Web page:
“Nocturnal temperature inversion (NTI) is an important factor characterizing the local climate in mountainous areas. In central Japan, most of the mountain slopes are covered by forests, but the effects of their leaf expansion/fall on the NTI variations in basins have not been clarified,” wrote the study authors.
Since the forest canopy shields the forest floor from sunlight and reduces temperature variations throughout the day, the effects may also alter the surrounding climate at night.
“However, previous studies have not fully considered the contribution of mountain forests to the nocturnal local climate in downstream areas,” said study senior author Professor Kenichi Ueno. “This is what we set out to investigate.”
In particular, the researchers wanted to examine how leaf expansion may influence nocturnal temperature inversion (NTI) in mountain basins. Leaf expansion refers to the stage in deciduous plants when leaves expand from buds to mature leaves.
The researchers conducted a three-year study of leaf area index (LAI) on a forested mountain slope site in a small basin. The team observed sudden shifts in the development of the nighttime cold-air pool over the basin that were related to leaf expansion and leaf fall.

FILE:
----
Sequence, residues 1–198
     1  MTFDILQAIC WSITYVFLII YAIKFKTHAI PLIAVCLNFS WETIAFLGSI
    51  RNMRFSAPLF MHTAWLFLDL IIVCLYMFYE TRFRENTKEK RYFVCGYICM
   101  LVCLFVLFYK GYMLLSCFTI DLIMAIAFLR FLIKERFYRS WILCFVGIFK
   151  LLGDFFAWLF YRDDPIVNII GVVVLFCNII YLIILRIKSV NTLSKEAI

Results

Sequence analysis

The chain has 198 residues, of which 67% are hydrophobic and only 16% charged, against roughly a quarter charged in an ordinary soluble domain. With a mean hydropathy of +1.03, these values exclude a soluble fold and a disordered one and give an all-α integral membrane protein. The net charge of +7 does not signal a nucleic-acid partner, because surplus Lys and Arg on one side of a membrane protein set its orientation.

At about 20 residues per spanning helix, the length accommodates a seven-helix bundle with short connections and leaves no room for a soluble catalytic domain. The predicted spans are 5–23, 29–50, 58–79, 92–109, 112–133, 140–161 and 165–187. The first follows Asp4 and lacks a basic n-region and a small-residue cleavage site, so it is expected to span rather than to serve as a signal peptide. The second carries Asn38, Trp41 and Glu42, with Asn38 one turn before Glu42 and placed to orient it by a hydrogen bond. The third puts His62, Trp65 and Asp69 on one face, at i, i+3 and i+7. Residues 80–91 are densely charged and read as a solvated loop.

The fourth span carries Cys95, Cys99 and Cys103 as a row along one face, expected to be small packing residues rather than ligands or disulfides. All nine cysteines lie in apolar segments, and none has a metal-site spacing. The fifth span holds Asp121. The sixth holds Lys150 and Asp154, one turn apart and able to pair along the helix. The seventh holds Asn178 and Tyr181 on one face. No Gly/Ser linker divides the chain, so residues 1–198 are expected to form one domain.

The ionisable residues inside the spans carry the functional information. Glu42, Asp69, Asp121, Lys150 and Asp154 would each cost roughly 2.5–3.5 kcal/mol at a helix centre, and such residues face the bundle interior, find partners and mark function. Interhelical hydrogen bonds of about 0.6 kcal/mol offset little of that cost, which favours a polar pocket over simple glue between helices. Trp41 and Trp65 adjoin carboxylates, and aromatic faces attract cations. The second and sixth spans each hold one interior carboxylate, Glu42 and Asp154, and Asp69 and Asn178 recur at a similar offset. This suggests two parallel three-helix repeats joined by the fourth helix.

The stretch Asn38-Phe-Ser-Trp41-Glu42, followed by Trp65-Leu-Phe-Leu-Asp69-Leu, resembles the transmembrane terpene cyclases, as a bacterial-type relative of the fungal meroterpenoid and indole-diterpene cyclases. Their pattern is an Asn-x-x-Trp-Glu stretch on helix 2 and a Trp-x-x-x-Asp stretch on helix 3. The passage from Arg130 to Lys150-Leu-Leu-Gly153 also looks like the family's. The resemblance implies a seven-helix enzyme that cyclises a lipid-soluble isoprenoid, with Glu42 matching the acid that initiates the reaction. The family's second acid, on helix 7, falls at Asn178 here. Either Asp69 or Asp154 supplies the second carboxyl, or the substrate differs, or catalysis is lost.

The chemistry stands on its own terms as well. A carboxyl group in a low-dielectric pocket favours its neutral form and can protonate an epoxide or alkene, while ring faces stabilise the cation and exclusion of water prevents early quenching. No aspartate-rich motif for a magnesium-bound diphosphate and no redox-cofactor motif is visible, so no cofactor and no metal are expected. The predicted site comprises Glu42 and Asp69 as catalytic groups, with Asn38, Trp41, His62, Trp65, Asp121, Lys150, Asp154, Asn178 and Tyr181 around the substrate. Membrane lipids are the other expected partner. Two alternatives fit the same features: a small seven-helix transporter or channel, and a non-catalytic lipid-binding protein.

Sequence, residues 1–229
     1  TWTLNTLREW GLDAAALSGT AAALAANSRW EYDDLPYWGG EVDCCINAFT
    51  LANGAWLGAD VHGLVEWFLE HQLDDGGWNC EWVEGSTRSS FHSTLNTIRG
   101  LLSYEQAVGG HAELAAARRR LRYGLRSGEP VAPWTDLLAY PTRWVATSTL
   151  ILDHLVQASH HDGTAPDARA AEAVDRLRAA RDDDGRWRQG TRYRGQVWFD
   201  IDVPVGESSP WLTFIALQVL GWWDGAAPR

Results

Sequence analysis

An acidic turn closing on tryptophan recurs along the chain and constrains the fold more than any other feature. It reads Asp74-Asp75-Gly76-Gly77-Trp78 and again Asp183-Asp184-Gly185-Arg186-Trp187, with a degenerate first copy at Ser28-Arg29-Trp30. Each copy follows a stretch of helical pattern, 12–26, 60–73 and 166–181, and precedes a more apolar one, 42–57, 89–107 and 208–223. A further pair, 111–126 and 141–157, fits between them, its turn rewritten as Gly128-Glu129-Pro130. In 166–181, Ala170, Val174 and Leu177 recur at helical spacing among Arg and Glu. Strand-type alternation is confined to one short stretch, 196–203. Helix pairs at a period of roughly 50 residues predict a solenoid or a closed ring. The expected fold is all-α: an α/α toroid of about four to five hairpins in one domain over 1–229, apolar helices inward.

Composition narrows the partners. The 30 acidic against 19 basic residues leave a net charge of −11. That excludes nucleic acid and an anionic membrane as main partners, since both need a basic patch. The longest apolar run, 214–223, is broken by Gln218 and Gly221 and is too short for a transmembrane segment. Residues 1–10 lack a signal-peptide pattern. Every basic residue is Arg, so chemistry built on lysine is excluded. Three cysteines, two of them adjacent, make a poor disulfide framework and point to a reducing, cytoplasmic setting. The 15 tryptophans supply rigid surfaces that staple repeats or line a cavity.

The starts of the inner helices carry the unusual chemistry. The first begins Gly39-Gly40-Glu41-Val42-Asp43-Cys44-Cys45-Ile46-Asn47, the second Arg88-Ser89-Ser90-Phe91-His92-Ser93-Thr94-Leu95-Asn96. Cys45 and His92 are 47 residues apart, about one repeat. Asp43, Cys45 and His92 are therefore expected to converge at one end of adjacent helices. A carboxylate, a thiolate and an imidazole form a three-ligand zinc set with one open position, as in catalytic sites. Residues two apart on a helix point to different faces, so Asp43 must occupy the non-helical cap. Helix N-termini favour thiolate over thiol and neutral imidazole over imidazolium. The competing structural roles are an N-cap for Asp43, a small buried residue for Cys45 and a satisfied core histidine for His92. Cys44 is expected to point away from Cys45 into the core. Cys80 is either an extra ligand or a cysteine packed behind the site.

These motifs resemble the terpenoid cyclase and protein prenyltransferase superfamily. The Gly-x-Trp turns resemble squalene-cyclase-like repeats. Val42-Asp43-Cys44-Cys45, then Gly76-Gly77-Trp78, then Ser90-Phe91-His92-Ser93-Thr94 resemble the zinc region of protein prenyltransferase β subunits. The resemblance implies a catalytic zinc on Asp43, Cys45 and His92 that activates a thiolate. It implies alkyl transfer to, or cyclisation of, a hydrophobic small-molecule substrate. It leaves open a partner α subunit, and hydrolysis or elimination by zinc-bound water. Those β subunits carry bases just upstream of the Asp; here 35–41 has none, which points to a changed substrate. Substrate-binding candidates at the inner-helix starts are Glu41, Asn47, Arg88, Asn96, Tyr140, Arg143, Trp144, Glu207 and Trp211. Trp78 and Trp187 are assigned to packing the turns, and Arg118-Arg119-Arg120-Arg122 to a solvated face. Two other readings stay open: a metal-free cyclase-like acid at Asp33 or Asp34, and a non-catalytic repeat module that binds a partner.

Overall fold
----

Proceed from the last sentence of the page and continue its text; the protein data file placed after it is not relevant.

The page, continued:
“Our results indicated that changeability in daytime forest heat storage can offset nighttime radiative cooling from the forest canopy,” explained Professor Ueno. “In short, our research has revealed that the cycle of tree leaf growth and leaf shedding in mountain forests has an observable effect on the local climate.”
“The estimated timings of leaf expansion/fall at the catchment scale based on the effective cumulative temperature almost coincided with the NTI changes,” wrote the researchers. “Micrometeorology observations showed that NTI at the forest floor and downslope winds at the adjacent grassland strengthened during the dormant (leafless) season in the nighttime when the radiative cooling is strong.”
The study is published in the Journal of the Meteorological Society of Japan.